By Research Desk
about 4 years ago


By Ruma Dubey

The Japanese maybe small in height with a sense of calm and quiet around them but they are made of steel – the best kind of steel in the world. It is very rare to read about scandals and corruption their society. Well, they are humans and prone to all the vices of mankind; yet somehow they are made different.

We say this after reading the news today of Suzuki chairman Osamu Suzuki announcing that he will step down as CEO over false tests though he will remain as Chairman. Along with him, the executive vice president Osamu Honda is also putting in his papers due to usage of wrong mileage testing methods. Suzuki said that it had used wrong tests to calculate mileage for models going back to 2010, submitting figures compiled from indoor tests performed on individual parts, rather than vehicle coasting tests.

Prior to this, last month, the Mitsubishi  Motors Corp. President Tetsuro Aikawa stepped down along with the Executive Vice President. The reason was the same - fuel economy testing scandal. Chairman Osamu Masuko said that he will be giving up all compensation that he earns from then until the company forms a new management team.

Japan’s transport ministry said that, except for Suzuki and Mitsubishi Motors Corp., all other carmakers self-reported no misconduct in their mileage testing. Mind you, this was an internal examination by the companies – the ministry had asked 41 companies to self examine. Suzuki and Mitsubishi admitted to the fraud on its own internal investigation and not because there was an external probe. Yes, this urging by the transport ministry was loaded - it was an indirect warning of asking the companies to come clean, almost like the last opportunity becasue if found guilty later, the consequences would have been very severe.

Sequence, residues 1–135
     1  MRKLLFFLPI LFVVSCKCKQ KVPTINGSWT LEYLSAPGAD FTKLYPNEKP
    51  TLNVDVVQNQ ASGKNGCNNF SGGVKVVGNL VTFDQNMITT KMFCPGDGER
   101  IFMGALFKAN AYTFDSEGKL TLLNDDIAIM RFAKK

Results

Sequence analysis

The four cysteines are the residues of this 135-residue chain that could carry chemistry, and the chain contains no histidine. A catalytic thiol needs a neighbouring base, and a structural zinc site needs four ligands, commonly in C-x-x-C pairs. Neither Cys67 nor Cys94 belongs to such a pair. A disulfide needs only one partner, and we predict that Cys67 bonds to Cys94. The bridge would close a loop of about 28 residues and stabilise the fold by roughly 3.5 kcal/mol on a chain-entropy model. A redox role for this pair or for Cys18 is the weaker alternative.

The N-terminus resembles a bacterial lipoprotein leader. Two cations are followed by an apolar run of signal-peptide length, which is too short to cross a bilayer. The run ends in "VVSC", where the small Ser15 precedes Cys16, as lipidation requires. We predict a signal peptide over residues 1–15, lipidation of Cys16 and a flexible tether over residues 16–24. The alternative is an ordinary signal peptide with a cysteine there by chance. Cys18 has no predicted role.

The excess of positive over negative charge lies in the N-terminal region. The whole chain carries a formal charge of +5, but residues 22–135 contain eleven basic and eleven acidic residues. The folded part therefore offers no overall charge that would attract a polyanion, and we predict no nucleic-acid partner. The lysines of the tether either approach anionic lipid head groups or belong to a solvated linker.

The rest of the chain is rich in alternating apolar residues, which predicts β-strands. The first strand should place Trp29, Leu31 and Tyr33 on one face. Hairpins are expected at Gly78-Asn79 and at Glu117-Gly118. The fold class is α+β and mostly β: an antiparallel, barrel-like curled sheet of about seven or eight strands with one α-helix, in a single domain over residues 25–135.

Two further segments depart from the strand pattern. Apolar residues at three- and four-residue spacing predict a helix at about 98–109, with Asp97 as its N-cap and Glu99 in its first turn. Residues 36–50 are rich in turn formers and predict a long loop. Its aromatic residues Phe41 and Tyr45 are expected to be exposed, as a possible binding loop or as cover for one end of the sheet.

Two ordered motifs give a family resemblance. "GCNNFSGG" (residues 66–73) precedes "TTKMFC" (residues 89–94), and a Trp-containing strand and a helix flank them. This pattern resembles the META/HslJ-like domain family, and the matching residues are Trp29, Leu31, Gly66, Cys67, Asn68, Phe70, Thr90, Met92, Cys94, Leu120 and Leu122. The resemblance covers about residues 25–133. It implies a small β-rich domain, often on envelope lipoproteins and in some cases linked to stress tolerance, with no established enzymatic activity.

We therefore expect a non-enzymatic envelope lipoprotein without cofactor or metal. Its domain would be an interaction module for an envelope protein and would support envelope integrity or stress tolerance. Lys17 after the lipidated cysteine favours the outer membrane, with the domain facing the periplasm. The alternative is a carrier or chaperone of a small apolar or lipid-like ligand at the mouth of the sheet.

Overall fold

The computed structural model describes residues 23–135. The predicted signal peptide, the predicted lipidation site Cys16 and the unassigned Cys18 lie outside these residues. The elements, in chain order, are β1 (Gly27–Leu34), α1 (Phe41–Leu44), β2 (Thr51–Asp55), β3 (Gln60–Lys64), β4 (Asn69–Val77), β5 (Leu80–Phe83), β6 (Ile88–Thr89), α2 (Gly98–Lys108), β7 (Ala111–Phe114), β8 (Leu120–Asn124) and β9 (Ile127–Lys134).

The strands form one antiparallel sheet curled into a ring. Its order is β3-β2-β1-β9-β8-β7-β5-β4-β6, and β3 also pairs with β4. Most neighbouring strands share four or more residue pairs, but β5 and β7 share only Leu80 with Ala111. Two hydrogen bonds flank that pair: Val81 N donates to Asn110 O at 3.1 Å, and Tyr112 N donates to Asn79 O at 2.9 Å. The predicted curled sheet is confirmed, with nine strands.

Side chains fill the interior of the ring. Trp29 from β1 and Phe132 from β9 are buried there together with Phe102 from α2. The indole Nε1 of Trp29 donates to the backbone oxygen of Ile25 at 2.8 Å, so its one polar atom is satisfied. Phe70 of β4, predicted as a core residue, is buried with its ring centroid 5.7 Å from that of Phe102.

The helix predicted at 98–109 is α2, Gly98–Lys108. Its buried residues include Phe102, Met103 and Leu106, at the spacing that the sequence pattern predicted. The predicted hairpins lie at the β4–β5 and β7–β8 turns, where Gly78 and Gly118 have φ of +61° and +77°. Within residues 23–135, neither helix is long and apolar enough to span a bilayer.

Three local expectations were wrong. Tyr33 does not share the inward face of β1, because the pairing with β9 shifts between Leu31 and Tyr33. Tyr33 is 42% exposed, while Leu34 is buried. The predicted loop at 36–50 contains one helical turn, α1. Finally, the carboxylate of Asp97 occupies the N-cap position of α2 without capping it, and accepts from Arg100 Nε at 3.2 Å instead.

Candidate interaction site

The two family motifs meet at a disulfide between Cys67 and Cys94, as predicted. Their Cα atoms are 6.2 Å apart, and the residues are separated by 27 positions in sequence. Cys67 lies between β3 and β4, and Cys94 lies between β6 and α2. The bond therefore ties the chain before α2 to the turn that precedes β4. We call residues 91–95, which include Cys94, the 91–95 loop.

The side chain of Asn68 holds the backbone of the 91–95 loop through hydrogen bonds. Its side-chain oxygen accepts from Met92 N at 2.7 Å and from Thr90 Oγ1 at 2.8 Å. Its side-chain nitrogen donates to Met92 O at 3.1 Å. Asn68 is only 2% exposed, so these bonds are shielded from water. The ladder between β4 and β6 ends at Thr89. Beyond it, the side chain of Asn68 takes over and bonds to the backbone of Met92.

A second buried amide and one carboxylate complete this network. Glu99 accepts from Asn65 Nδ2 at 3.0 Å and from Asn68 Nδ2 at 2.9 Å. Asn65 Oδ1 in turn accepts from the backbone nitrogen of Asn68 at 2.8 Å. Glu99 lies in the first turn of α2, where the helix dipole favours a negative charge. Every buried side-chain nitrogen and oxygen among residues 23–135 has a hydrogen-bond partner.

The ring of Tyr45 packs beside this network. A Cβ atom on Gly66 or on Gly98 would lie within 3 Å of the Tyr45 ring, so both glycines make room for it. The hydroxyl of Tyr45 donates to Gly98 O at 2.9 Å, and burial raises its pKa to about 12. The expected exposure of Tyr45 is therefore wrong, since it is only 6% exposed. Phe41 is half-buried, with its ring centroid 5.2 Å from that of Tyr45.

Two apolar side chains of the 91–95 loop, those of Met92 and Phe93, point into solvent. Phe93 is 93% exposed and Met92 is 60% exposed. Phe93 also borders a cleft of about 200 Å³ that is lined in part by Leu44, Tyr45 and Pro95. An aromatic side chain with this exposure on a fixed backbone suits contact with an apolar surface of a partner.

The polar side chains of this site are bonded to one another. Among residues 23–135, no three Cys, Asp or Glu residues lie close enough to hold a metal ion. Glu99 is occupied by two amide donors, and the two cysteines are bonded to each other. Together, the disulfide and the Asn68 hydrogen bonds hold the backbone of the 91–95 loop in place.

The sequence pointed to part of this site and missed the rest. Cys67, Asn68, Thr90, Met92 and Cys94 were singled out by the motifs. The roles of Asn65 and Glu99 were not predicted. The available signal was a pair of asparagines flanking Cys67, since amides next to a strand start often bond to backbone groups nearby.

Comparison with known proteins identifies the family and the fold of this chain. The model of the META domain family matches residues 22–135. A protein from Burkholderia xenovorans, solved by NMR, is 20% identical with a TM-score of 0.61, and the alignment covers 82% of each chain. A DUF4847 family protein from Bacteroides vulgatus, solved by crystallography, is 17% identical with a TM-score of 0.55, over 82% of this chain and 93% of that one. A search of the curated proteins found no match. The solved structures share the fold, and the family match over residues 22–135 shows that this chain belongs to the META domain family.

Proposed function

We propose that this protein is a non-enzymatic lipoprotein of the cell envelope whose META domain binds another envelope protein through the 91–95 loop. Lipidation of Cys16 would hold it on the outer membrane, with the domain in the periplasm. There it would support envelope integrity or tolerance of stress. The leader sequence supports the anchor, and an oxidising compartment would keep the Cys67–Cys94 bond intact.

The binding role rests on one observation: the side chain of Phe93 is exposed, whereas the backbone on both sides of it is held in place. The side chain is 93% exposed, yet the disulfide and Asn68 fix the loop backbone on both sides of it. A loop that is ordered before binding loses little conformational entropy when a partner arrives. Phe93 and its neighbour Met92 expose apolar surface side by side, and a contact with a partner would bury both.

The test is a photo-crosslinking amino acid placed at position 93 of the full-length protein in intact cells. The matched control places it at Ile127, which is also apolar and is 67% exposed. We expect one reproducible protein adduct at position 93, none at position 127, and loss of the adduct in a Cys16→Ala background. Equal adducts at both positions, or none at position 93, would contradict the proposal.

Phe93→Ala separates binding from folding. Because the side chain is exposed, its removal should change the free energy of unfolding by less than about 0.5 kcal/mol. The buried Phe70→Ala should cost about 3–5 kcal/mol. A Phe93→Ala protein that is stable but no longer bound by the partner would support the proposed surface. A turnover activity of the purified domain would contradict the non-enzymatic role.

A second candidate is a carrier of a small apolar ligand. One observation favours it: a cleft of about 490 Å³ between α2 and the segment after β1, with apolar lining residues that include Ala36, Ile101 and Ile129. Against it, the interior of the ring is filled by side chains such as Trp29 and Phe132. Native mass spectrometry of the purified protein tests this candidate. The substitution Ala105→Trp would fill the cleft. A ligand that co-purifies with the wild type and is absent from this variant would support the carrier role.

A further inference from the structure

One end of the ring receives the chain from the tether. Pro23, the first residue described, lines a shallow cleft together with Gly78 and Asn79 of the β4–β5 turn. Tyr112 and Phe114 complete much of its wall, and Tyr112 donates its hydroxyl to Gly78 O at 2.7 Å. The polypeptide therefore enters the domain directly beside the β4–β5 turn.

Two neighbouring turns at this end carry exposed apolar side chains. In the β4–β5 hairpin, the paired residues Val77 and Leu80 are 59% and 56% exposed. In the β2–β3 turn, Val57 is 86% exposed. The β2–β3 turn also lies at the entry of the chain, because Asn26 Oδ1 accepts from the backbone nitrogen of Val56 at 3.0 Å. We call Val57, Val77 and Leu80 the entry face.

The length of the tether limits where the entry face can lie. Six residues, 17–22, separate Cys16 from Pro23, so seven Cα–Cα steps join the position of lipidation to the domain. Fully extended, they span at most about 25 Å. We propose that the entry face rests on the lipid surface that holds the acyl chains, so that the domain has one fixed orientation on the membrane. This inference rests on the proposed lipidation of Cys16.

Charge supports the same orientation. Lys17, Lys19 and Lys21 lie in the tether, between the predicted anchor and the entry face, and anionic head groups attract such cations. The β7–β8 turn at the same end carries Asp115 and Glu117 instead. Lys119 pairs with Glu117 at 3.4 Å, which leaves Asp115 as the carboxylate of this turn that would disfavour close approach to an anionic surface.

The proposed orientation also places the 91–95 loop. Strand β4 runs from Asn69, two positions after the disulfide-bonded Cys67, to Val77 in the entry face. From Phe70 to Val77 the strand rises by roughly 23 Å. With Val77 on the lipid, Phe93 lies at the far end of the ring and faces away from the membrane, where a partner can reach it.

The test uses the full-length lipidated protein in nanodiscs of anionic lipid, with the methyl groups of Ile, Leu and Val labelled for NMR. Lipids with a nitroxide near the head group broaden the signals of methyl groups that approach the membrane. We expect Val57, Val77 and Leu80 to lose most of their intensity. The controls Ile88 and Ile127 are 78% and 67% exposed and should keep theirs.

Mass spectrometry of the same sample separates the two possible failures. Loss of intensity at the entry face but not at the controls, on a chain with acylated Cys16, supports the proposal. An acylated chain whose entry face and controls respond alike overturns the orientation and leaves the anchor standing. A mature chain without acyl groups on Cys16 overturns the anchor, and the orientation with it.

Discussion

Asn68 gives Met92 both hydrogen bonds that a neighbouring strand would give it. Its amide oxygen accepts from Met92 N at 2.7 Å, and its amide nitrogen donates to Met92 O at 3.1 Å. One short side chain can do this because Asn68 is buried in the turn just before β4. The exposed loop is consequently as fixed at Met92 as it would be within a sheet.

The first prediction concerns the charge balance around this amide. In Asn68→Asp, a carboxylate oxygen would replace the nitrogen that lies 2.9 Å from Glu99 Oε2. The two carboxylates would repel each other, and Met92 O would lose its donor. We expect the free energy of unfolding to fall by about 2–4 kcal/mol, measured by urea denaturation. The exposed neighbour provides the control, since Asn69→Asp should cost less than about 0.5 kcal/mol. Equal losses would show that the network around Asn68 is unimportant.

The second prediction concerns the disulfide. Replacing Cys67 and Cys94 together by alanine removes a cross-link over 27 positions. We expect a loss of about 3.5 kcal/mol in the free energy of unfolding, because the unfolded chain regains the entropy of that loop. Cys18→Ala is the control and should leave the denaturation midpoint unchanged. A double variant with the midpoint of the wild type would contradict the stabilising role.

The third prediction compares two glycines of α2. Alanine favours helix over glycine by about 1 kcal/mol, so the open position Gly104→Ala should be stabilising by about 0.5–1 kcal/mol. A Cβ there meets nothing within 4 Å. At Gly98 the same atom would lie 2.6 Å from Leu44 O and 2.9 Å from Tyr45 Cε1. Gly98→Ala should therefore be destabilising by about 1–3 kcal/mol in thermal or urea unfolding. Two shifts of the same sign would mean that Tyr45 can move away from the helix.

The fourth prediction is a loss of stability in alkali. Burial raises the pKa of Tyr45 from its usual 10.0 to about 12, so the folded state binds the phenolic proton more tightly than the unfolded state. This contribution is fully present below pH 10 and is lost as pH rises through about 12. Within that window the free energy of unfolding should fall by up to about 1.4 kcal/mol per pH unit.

As against this, we recently had Volkwagen where USA’s EPA found that the company had intentionally programmed their diesel engines to activate some emission controls only during the lab testing. There, the CEO, Martin Winterkorn did not resign voluntarily; he was under tremendous pressure to step down from the shareholders and over 100 legal suites filed against him.

Or take the case of General Motors. It recalled some 8 lakh small cars due to faulty ignition switches, which could shut off the engine during driving and thereby prevent the airbags from inflating. Some 30 million cars worldwide were recalled and 124 people died. Shockingly, this fault was known to GM for at least a decade prior to the recall being declared. GM CEO Mary Barra continues, she has not resigned.

And in India? Well, even when found guilty, forget resigning, they turn around accuse of foul play and frankly, no one will ever trust the self-examination. The degrees of integrity are poles apart.

We have Central Pollution Control Board, which is supposedly the watchdog but really, it does not do much. So when cars are made, they have to conform to the BS standard but there is neither any strict inspection nor any maintenance programme to test and reduce air pollution once they get onto the roads. Simply put, there is no in-use conformity testing programme, meaning we never know whether they are adhering to the original emission standards.

Yes, we have adopted the Bharat Stage norms, based on the European emission norms but its just that – no authority checks if these norms are indeed being met. It is only by 2017 that the entire country will adopt the BS – IV norm while entire of China already has BS-V.

Thus for us Indians this is not a story to worry at all about if ethical and morality traits of a company do not matter. 

But as human beings on this earth, we all could learn a lesson or two from the Japanese.






Popular Comments

No comment posted for this article.